In this anthology edited by Roxane Gay, bestselling author of Bad Feminist and Hunger, a diverse group of writers disclose their experiences with sexual harassment, aggression, and assault as well as the shame and belittlement that has too often been a consequence of speaking out.
You might look at that subtitle and think, 'There is no way I’m reading that.' Which is exactly the reason why it’s important to do it anyway. Not all of the essays are about rape, but all of them examine the culture that allows and encourages men and boys to take what they want from women (and girls and boys) regardless of what the other person wants or how that other person feels. It is also about a culture that makes victims believe that whatever awful thing happened to them was their fault ... There is a lot of darkness in this book, but there is also the bright light of #MeToo wisdom.
It is a difficult, almost unbearable look at what perpetrators are capable of. The details, devastation and sheer number of men helping themselves to the bodies of women, girls and boys deaden the reader. It is a critical work that makes this much clear: The violations #MeToo rages against can and do damage people for a lifetime ... They are a diverse group of women and men: famous and never published before, young and old, straight, queer and transgender. Among them are an army wife, a biochemist, an exterminator, a lawyer, a cartoonist, an eighties film icon and an author researching mental illness in the suburbs. Their stories make clear that the reverberations of sexual predation live on inside all kinds of people. Not That Bad peers into the psychology of victimhood, mining elements of sexual violence we don’t understand very well yet.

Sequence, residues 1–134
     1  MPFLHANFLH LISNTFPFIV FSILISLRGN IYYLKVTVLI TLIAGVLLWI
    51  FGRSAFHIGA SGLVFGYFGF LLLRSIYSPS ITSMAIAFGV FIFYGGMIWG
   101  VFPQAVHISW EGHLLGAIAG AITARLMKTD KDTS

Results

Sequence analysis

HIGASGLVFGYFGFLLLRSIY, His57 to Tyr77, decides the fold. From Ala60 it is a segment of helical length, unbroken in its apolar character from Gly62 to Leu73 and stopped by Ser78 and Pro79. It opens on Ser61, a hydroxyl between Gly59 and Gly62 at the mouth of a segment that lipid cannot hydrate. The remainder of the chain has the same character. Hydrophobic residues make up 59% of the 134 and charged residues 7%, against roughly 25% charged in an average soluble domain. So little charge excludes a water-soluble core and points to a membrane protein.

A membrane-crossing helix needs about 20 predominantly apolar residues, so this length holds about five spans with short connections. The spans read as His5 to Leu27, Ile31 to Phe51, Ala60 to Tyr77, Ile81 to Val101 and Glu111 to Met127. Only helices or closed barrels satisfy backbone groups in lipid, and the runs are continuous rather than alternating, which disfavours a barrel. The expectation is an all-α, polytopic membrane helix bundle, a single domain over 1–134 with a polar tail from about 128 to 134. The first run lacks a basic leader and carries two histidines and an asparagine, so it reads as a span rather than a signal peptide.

In their underacknowledged anguish, the contributors gave the book...'a place for people to give voice to their experiences,' to describe their wounds and attempt to fortify others with similar injuries. Almost all the entries are confessional, restless with frustration and pain. And the anger of Not That Bad’s contributors...is hardly confined to their assailants. The greater betrayal comes from complicit parents, callous peers, thoughtless doctors ... The problem lies with families, the friends that families keep, the church congregations to which families belong, and the professionals to whom families turn. At sixteen, after her father tries again [to assault her], Tracey writes letters to every adult she knows, begging for assistance leaving home. She receives no replies.